If you’ve ever read the book of Job, you may have found yourself feeling sorry for him. There may have been times in your life when you’ve even related to him too. I know I have had those moments. When you go through periods of loss or continuous disappointment, Job is a great book to read. You will find that there’s always someone who has it worse than you, there is purpose in pain and that you can endure anything. I don’t know how many times I’ve read the book, but I can tell you that I’m still amazed when I come to the end of the first chapter. After Job has lost all his livestock, his riches and his children, he doesn’t curse God. He doesn’t cry out, “Why me?” Instead, it says he fell to his knees and worshipped God. He recognized that everything he had came from God, and if God took it all back, he was good with it.
I can honestly say that during my times of great disappointment and loss, that was not my attitude. To stand on rock bottom in life, look up from the hole you’re in and bless God seems unfathomable, yet Job was able to. If he was able to, you and I are to. He made the choice to worship instead of to whine. He chose to bless God instead of to curse Him. He made the choice to recognize everything he had belonged to God and wasn’t a result of His own work. The perspective he had challenges me to readjust and calibrate how I see God and how I react in the bad times. It’s easy to worship when things are going well, but can we worship when everything seems to be going wrong? Can we praise Him when our prayers are unanswered? Can we thank Him when we don’t see a way forward? Can you say, “Even though I’m broken, yet will I praise you”?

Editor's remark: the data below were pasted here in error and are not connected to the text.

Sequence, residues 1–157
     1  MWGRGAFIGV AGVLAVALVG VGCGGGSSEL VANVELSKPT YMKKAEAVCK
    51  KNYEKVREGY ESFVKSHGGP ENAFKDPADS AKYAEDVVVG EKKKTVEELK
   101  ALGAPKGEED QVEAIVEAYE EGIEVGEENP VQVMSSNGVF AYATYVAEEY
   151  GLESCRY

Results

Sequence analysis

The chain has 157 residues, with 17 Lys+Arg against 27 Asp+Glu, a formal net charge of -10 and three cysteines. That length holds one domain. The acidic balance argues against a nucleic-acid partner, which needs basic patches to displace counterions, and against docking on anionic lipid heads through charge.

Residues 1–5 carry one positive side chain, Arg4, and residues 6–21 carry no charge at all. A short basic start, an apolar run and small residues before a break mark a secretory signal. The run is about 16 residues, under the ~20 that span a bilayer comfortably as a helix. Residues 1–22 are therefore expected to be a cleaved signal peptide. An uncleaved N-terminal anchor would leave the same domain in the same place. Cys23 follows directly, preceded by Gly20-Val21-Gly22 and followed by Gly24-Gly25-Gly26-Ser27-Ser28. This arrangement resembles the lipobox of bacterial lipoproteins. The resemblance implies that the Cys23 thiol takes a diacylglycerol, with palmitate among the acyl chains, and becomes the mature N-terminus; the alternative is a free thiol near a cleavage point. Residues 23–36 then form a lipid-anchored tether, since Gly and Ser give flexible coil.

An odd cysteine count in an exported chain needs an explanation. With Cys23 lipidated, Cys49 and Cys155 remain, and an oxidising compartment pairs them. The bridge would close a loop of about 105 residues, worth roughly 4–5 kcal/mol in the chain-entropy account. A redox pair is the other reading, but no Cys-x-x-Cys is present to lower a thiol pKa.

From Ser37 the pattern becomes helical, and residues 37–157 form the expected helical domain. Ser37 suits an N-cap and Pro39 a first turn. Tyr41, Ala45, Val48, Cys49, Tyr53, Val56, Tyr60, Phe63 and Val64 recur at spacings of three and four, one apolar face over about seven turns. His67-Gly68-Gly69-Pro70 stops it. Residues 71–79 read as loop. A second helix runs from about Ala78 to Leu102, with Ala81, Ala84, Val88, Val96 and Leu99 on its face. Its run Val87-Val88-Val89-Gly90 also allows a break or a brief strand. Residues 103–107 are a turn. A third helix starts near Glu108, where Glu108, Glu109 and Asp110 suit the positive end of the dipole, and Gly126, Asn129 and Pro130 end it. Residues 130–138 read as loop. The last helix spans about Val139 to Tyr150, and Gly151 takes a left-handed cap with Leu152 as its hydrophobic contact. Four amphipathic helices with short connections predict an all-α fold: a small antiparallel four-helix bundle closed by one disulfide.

Habakkuk 3:17-18 says, “Even though the fig trees have no blossoms, and there are no grapes on the vines; even though the olive crop fails, and the fields lie empty and barren; even though the flocks die in the fields, and the cattle barns are empty, yet I will rejoice in the Lord! I will be joyful in the God of my salvation!” (NLT) There’s a very similar picture here to the attitude Job had and that we are to have. Joy is not something that is circumstantial. It doesn’t rely on what’s going on around you. Joy looks at where your strength comes from. It looks at who your hope is in. It is defiant in the face of any circumstance you may face, and it says, “My hope is not in al, these things. My hope is in God. No matter what comes my way, I know that my God is able to do exceedingly and abundantly more than I can ask or pray for. Even though things look bad now, yet will I praise God! He is my rock, my fortress and my salvation.” You and I have that same spirit of joy within us. In tough times, activate it and worship. Remind yourself that God is in control, He has a plan and that no matter what happens you will continue to trust and to praise Him.
I was speaking to someone recently about the old computer operating system DOS. I remember as a kid learning how to write programs for DOS. We were taught to increase each command line by 10 so if you needed to add a line of programming later, you had the room. Another thing they taught us is the phrase, “If this, then that.” It was a way to tell the computer if the user does this, then I want you to skip to another line and run the program from there. It was all about cause and consequence.
The Bible is full of “if this, then that” type phrases. In John 15:7 Jesus said, “If you abide in me and my words abide in you then you can ask whatever you will.” II Chronicles 7:14, “If my people will humbled selves and pray, then I will hear from Heaven and heal their land.” These are just a couple of examples. God puts conditions on many promises that require an action on our part first in order to activate them just like in the old DOS programming. If we don’t do the first part, then the next part is skipped.
Another conditional promise is found in 2 John 1:3. It says, “Grace, mercy and peace, which come from God the Father and from Jesus Christ – the Son of the Father – will continue to be with us who live in truth and love” (NLT). If we will continue to live in truth and love we will receive grace, mercy and peace. Grace is God’s unmerited favor which affords joy, delight and pleasure according to the Blue Letter Bible. The favor of God alone is enough, but John added in (through his use of the word grace) that we would also get joy, delight and pleasure by living in truth and love.